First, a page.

Objects are typically represented on a computer display using some type of symbol or icon. Information concerning these objects is conveyed via the position of the object on the display and possibly text associated with the symbol. Since all information concerning a particular object cannot be displayed on the display, most systems typically provide the user with the ability to select a particular object and view more detailed information. Since such systems typically display a large number of objects at one time, they usually require the user to perform additional acts to obtain additional information. For example, selecting the object with an input device or moving a cursor on top of the object as displayed and selecting enter. Upon selection of an object, additional information is presented about the selected object. The user may also be required to make another selection to remove the additional information from the display. Most users require information on several objects to be displayed simultaneously. That is, information on more than one object is required at any given time. Even with systems that require user selection to display annotations, previous annotations may be partially or totally obscured by other selections.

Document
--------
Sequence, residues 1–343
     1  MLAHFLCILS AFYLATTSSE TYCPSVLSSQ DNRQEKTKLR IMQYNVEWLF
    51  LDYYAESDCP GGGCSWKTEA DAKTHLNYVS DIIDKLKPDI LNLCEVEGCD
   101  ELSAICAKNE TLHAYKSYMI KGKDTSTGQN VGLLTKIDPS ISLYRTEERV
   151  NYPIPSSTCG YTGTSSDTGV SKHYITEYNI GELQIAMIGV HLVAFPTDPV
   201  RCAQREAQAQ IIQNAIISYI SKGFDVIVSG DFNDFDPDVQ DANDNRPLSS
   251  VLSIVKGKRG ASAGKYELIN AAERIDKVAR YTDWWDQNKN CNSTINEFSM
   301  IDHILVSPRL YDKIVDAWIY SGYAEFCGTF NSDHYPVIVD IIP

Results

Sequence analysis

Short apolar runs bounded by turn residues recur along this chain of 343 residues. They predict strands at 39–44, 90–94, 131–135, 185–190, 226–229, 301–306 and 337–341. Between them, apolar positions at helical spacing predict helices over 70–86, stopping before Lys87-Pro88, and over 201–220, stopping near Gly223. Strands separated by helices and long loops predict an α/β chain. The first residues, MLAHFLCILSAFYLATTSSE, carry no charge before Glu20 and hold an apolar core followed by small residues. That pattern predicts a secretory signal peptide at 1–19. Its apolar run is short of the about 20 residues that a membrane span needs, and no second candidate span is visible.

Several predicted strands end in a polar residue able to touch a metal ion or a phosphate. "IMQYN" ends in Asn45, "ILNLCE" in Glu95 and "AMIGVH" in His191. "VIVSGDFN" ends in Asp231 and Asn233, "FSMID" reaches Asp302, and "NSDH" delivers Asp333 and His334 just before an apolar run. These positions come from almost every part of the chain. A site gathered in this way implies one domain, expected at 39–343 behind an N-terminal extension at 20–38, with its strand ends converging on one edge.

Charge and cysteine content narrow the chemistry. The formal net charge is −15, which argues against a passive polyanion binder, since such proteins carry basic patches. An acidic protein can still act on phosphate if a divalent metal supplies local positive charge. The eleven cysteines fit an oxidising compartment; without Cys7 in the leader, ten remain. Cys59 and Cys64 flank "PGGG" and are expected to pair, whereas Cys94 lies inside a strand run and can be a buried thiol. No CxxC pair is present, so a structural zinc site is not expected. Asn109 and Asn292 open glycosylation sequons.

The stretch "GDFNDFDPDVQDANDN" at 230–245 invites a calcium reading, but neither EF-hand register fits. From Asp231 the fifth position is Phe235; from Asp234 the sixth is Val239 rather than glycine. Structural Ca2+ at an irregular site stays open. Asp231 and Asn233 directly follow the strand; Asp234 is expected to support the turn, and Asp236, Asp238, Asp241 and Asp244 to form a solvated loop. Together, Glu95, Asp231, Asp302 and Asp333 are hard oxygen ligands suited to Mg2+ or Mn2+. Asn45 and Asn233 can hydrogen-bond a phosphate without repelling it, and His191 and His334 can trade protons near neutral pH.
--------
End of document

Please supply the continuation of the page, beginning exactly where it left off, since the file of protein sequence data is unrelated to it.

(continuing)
A common method for placing annotations or text blocks or additional information on a display is to have the application developer specify where they are to be placed with respect to the display object. Typically this results in a fixed orientation of the annotation with respect to the display objects. Whether or not annotations are obscured or covered by other annotations depends entirely on the location of the display objects and their order of selection. This technique has several significant drawbacks in that important information may be overlapped. It also requires the application developer to select a suitable orientation when little or no information on the spatial relationships of the objects on the display is known. Also at the time the application developer decides on an orientation, little or no information may be known on the size of the annotations. This is further complicated by some systems where the displayed objects are dynamic (i.e., where the display position of the objects change over time).